Intellectual Reserve, Inc.
Sister Jean B. Bingham, Relief Society general president

Service to others is a demonstration of discipleship, gratitude and love for God and His Son, Jesus Christ, Sister Jean B. Bingham, Relief Society general president, said in her address during the Sunday afternoon session of general conference.

“Sometimes we think we have to do something grand and heroic to ‘count’ as serving our neighbors,” she observed. “Yet simple acts of service can have profound effects on others — as well as on ourselves.”

In addition to the Savior's supernal gifts of the Atonement and Resurrection, “He also smiled at, talked with, walked with, listened to, made time for, encouraged, taught, fed and forgave,” Sister Bingham noted. “He served family and friends, neighbors and strangers alike, and He invited acquaintances and loved ones to enjoy the rich blessings of His gospel.”

Ministering can be done in a variety of individualized ways, Sister Bingham said, posing the question “What does it look like?”

She gave several illustrations, including leaders counseling about individuals and families as assignments are given to minister.

“It looks like going for a walk, getting together for a game night, offering service or even serving together,” she said. “It looks like visiting in person or talking on the phone or chatting online or texting. It looks like sharing a scripture or quote from a conference talk that would be meaningful to the individual. It looks like discussing a gospel question and sharing testimony to bring clarity and peace. It looks like becoming part of someone’s life and caring about him or her. It also looks like a ministering interview in which needs and strengths are discussed sensitively and appropriately. It looks like the ward council organizing to respond to a larger need.”

Alluding to the announcements made the previous evening at the priesthood session of the conference, Sister Bingham said combining Relief Society efforts with the now-restructured elders quorum “will bring a unity that can yield astonishing results.”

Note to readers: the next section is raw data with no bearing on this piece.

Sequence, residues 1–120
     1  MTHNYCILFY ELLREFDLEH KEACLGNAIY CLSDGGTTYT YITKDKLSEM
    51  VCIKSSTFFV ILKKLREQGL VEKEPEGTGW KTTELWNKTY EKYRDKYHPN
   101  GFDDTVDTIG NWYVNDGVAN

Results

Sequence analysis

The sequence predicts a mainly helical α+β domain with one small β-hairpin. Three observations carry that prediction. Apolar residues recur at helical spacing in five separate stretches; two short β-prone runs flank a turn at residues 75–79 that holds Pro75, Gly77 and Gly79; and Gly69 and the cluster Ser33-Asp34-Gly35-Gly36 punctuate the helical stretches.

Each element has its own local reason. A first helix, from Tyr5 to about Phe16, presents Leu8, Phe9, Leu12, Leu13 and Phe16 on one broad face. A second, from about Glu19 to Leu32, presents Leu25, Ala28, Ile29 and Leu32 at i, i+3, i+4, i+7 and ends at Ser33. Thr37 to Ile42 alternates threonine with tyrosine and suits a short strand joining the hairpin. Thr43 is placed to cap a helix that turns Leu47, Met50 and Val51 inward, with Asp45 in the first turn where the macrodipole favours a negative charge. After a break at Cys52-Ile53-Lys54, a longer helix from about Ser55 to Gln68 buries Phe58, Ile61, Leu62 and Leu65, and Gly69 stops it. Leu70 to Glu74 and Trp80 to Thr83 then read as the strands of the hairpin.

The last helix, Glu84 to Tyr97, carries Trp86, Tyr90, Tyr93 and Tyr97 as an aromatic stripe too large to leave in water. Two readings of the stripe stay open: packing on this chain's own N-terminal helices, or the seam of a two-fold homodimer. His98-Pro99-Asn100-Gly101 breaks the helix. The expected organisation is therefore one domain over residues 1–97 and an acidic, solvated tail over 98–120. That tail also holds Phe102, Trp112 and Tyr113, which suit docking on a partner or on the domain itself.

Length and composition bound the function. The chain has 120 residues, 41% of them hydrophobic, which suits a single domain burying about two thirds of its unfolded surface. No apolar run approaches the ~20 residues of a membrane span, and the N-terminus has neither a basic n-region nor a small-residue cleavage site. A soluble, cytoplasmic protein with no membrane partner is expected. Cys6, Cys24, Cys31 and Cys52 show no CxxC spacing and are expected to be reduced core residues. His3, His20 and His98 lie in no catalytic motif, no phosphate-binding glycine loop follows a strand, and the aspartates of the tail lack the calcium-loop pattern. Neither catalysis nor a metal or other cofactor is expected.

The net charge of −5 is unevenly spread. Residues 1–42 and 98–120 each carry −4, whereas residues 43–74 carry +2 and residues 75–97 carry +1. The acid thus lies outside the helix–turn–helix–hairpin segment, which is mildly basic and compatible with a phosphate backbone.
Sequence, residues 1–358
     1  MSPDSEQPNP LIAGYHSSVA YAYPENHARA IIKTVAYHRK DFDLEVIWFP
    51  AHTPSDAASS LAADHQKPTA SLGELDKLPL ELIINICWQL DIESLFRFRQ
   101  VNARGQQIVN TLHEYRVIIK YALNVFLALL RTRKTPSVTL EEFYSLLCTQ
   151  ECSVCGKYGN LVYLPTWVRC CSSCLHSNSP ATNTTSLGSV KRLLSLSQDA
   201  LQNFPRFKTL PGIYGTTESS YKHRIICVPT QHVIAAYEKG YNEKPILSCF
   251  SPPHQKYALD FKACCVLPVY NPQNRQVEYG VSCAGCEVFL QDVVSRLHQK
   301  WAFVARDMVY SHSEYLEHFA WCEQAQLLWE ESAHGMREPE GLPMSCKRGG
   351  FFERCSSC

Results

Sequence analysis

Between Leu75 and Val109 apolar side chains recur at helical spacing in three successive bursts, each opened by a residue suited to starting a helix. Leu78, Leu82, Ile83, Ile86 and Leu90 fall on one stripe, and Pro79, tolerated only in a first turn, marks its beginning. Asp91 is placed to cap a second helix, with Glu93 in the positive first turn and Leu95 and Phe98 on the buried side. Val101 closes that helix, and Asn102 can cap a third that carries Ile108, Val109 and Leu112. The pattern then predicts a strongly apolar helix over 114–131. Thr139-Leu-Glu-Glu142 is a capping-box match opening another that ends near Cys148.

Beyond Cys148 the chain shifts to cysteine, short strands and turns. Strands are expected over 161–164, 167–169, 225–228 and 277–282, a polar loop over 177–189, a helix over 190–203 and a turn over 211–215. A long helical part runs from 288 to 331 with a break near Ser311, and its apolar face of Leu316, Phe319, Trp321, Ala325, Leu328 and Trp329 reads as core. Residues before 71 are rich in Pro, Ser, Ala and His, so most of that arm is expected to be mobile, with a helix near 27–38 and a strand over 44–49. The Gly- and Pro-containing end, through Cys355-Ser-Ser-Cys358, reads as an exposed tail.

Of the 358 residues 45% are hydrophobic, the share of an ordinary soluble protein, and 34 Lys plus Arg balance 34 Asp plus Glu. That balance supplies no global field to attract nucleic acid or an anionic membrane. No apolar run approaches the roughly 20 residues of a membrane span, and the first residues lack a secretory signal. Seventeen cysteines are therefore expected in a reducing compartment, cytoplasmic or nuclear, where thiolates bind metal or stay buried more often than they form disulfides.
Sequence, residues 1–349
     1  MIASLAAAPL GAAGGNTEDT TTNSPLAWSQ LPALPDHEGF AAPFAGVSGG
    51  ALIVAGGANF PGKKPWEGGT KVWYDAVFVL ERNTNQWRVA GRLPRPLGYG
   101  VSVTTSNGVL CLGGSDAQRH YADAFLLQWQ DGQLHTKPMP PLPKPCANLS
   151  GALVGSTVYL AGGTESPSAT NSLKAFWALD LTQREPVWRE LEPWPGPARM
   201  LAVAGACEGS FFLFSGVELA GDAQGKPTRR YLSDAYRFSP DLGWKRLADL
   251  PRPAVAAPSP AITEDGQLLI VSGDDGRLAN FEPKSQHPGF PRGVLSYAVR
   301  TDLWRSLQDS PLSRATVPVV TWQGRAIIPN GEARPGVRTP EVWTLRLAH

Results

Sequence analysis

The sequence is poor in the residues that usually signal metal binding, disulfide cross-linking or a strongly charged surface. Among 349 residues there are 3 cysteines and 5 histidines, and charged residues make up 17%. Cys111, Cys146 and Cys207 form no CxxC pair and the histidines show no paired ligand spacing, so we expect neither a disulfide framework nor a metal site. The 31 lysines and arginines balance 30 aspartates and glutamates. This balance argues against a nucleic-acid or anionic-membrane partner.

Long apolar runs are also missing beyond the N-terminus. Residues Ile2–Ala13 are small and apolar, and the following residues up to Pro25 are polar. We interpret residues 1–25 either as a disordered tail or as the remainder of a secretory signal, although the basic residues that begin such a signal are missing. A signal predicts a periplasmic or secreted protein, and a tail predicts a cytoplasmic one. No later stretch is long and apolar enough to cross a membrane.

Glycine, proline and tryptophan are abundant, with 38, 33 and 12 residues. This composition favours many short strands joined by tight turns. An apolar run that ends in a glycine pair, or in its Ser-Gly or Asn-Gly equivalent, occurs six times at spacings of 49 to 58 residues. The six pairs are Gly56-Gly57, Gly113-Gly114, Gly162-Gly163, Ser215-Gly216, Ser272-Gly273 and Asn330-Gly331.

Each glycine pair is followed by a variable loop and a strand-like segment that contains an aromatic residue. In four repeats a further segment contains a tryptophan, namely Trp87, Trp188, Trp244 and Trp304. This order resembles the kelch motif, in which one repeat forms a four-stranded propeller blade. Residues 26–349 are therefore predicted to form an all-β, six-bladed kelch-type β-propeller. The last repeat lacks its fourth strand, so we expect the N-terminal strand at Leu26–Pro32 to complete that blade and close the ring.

“Ministering becomes one coordinated effort to fulfill the priesthood duty to ‘visit the house of each member’ and ‘to watch over the church always, and be with and strengthen them,’ as well as to achieve the Relief Society purpose to help one another prepare for the blessings of eternal life,” she said, drawing upon wording in Doctrine and Covenants 20 and from Handbook 2: Administering the Church.

“Working together under the direction of the bishop, elders quorum and Relief Society presidencies can be inspired as they seek the best ways to watch over and care for each individual and family,” Sister Bingham said.

Another blessing of the announcements is the opportunity for young women ages 14 to 18 to participate in ministering as companions to Relief Society sisters, just as young men their age minister as companions to Melchizedek Priesthood brethren, she said. That will increase the reach of Relief Society and elders quorums in caring for others by increasing the number of members who participate, she explained.

Comment on this story

Young women are already ministering to others without assignment or fanfare, Sister Bingham said, sharing incidents of a 14-year-old who took a plate of cookies to a family that had moved into her ward and of a 16-year-old who, noticing a lonely widow who lived nearby, took a flower to her and continued to visit her.

“Each of these young women, and many more like them, noticed someone’s need and worked to meet it,” Sister Bingham said.

“After all is said and done, true ministering is accomplished one by one with love as the motivation,” she said. In that way, “miracles will happen, and we will find ways to bring our ‘missing’ sisters and brothers into the all-inclusive embrace of the gospel of Jesus Christ.”